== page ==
How do clients experience a preordained ending in medium-term psychotherapy? A phenomenological enquiry

Mansfield, Clare (2017) How do clients experience a preordained ending in medium-term psychotherapy? A phenomenological enquiry. Other thesis, Middlesex University.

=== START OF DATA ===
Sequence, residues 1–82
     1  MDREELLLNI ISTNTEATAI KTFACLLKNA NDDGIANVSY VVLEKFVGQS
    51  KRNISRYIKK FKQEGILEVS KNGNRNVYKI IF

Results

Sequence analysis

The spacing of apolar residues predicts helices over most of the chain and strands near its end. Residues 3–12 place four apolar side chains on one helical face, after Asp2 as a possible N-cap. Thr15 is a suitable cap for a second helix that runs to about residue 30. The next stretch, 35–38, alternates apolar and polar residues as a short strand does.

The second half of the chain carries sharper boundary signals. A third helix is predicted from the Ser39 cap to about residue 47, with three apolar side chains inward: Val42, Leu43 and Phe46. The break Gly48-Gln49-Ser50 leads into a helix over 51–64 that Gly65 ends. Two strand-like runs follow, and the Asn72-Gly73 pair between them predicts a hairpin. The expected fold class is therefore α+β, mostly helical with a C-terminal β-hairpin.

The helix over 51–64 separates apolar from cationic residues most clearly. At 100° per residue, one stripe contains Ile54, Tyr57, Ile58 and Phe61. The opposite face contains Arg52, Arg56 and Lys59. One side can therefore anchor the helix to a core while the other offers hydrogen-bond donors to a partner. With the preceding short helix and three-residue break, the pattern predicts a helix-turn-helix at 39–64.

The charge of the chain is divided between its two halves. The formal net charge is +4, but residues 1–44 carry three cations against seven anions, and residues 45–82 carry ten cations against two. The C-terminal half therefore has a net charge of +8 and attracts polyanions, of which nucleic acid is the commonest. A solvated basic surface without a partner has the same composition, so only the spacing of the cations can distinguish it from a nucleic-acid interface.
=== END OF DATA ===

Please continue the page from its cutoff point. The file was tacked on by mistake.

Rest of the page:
This qualitative study explored eight client-participants’ experience of a preordained ending in medium-term psychotherapy (average length 12 months) in charitable service settings. The aim was to investigate the experience of ending therapy, in particular when the ending was a ‘given’. Interviews were conducted shortly after therapy had ended. Interpretative phenomenological analysis was used, and four domains emerged: Individual Experience, Acceptance, Resistance, and Managing the Ambivalence. Eight sub-themes clustered under these domains. Individual experience had one sub-theme: ‘ending therapy is a highly individual experience’. Acceptance had two sub-themes: ‘a basic human acceptance of preordained endings’, and ‘the transformative impact of therapy endings - and the particular ‘carpe diem’ of preordained endings’. Resistance had one sub-theme: ‘fear of loss, and resistance to finality’. Managing the ambivalence had four sub-themes: ‘the painful loss of the relationship can be in part counterbalanced by internalising the therapist’; ‘ending therapy as a transition: looking back and looking forward’; ‘therapy ending prompting a paradoxical confronting of both strengths and vulnerabilities’; and ‘the post-ending therapeutic function of the interview itself’. Accordingly, against a backdrop of the experience of ending as highly individual, there was often a basic acceptance of the therapy limitation, and the preordained ending in itself had the potential to galvanise psychological change, though counterbalancing this was a resistance to ‘finality’, linked with fear of loss. Managing the ambivalence around these tendencies was the challenge participants faced. Participants typically experienced ending as a transition, with something of the ‘before’ being taken into the ‘after’; this potentially included the internalising of the therapist. Participants often had a heightened awareness of both their potency and their vulnerability. Importantly, participants valued the research interview itself as an opportunity to process their feelings both in relation to ending, and to their therapy as a whole. The study recommends future research into the possibility of services offering clients a post-ending ‘process’ session with a third party therapist, as a potential means of deepening, consolidating and validating their experience of ending therapy.

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